I missed my post yesterday so there are going to be two today.
whether human or elf, follow the track for learning spells as indicated
in the Swords and Wizardry (or Labyrinth Lord) manuals. Each spell they
have prepared they can perform once a day, and then they will need to
rest and prepare the spells again. This is the limit to what a
magic-user can perform safely. However, any magic-user can attempt to
cast any spell which they have already expended, successfully or not,
and risk corruption. Each time they attempt this, they must first roll
against an increasingly difficult threshold of success. The GM can set
the exact mechanic, but I think it would be reasonable to make the
caster roll under 50% on a percentile roll, and then each additional
time reduce the percentage by another 10%. In other words, if Elric the
Grey has already cast Magic Missile once, but is in a jam and it would
be very helpful to be able to cast it again, he may do so, only first
rolling under 50 on a d%. If Elric wants to cast Magic Missile again,
this time he must roll under 40, and so on.
On a failed roll for a second spell attempt, the magic-user
first takes the spell's level in HD damage. In other words, if a human
magic-user fails on a level 2 spell re-attempt, he immediately takes 2d4
damage; if he fails on a level 8 spell, he takes 8d4 damage, etc.
Depending on which version of the rules you are using, an elven
magic-user might take [x]d4 damage as well, or [x]d6 if the elf's HD is a
d6. This damage cannot be blocked or reduced in any way, and if this
reduces the character to zero or fewer hit points, they fall unconscious
immediately, but do not naturally deteriorate at -1 HP per round as
with bleeding out. However, if they are physically struck or hit by
another damaging attack and reduced to negative their level in hit
points, they will die as usual. If the damage they take from failing the
spell is enough to kill them, they will die.
In addition to this, they will take one permanent defect as a sign of
their corruption by magic. This should ultimately be determined by the
Game Master, but the extent of the disfigurement should reflect the
strength of the spell. A magic-user botching a Magic Missile, for
instance, might come out of the experience with permanently blackened
fingertips, or a slight lingering scent of tar or boiled cabbage. A
magic-user failing Confusion might suffer a permanent 2 or 3 point
reduction in Charisma, might randomly forget one of their prepared
spells for the day, or inadvertently attack an ally. A failure with Hold
Portal might cause doors to randomly lock or unlock, likely at
inopportune times. Regardless, the Game Master should keep note of these
and should not be afraid to use them when the players least expect it.
Certainly some spell failures will have more severe effects than others,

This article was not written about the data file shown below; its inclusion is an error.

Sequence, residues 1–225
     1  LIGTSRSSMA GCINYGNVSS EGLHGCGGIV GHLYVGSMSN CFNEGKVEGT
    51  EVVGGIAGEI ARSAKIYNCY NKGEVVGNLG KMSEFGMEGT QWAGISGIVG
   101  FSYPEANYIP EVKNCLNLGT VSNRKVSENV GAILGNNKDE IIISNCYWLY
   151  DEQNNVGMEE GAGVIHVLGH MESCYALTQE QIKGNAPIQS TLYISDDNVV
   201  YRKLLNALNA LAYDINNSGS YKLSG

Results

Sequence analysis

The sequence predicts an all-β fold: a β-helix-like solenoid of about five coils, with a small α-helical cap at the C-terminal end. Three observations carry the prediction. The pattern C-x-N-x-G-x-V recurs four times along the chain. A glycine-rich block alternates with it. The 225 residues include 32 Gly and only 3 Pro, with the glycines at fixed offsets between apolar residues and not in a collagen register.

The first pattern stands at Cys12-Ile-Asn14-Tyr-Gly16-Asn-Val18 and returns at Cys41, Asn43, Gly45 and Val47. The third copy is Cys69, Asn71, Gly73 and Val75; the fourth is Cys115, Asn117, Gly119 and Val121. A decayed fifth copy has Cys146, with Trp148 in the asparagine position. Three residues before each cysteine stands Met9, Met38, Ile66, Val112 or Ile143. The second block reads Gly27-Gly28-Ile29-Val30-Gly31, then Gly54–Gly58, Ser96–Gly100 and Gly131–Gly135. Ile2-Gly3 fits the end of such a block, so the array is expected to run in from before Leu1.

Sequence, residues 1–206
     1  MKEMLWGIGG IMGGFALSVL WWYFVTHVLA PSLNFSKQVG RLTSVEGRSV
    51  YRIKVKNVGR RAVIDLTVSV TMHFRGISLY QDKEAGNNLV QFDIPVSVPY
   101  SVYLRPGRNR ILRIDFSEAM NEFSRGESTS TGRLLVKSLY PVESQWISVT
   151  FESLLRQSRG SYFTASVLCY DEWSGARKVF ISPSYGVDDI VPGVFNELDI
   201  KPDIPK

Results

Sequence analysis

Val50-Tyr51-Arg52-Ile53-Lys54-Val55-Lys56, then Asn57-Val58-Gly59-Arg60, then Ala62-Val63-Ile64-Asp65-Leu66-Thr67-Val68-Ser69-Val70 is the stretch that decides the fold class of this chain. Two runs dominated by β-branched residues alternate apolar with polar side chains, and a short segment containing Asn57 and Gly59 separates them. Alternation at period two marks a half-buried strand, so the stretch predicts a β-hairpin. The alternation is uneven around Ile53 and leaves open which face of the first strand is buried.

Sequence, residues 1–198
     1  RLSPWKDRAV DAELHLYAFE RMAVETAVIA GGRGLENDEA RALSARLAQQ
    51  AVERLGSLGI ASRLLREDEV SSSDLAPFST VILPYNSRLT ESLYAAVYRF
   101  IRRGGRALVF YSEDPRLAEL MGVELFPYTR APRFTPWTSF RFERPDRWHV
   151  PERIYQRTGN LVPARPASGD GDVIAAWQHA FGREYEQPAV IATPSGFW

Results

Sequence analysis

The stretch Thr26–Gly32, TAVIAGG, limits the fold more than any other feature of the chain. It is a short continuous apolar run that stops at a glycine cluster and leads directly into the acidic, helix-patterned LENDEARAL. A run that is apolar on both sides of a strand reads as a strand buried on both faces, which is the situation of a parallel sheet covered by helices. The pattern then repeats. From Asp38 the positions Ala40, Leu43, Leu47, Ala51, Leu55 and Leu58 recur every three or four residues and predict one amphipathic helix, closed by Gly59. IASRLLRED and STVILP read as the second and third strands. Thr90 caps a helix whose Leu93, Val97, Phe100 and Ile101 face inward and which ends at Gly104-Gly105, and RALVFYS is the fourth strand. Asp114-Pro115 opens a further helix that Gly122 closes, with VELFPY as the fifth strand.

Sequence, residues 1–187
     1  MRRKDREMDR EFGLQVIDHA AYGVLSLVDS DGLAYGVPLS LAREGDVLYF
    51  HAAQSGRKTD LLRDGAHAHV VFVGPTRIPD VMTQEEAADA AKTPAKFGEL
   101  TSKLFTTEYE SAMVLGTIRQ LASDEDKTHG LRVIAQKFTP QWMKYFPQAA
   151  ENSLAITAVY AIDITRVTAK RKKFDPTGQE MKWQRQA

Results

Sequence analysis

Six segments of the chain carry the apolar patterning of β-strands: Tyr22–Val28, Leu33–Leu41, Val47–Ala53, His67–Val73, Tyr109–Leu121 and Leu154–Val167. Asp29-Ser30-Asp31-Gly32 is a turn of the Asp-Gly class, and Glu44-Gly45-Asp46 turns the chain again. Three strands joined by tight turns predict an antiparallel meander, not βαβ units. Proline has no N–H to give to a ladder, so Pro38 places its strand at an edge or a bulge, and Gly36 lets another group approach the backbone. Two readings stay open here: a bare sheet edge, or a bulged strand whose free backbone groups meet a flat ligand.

but that is all part of the gamble when re-rolling a spell.
Finally, if a spell is re-rolled after being expended and the result is a
failure, that spell may not be re-rolled again until it is prepared
again. In other words, a magic-user who continues succeeding against
cumulatively decreasing odds may continue using the spell, but a
magic-user who fails a re-roll loses the spell AND suffers a serious
deleterious effect. A failure after multiple successes might be more
"serious" in its sign of corruption to represent how hard the magic-user
had been pushing it, at the Game Master's discretion. It is also up to
the Game Master to determine whether a magic-user knocked unconscious by
their own spell backfire should be more difficult to rouse than a
character stunned by other damage.
The damage taken upon a failed re-attempt is representative of the
overexertion caused by the magic-user performing something "unnatural."
The spellbook is a profoundly magical and otherworldly sort of item, and
in preparing a spell, one provides an avenue for the "blowback" of the
spell to dissipate. Without the spell's place in the spellbook, the
recoil is more and more difficult to control. The corruption caused by a
failed spell attempt is representative of all of that potential,
formless magic energy being drawn out of the Aethers, but then the
magic-user losing control or focus after having become excessively
exhausted, and the energies misfiring backwards on the caster, with
strange and unpredictable effects.
However, "corruption" does not have to be negative. If one prefers, one
can make a percentile roll any time a spell re-roll is failed, with a 3%
or 5% (or something) chance that something beneficial happens instead.
Maybe a magic-user is attempting Magic Missile, only Fireball comes out
instead. Magic does not obey the same set of laws as everything else in
the world, so the Game Master is encouraged to allow unusual things to
This has not been at all play-tested, so I have no idea of the plausibility of these mechanics in a real game setting.
I'd hope that the danger of major corruption would be enough to offset a
magic-user from deviating too far from the ordinary 1-spell-a-day
mechanic, but it of course doesn't account for the player who is a
glutton for punishment and has no problem at all with putting all the
other players in a tight spot. This also assumes the "set and forget"
style of casting that does not first require a success or to-hit roll;
if using this style of mechanic, one can probably substitute a
cumulative -2 modifier on that to-hit roll each time the spell is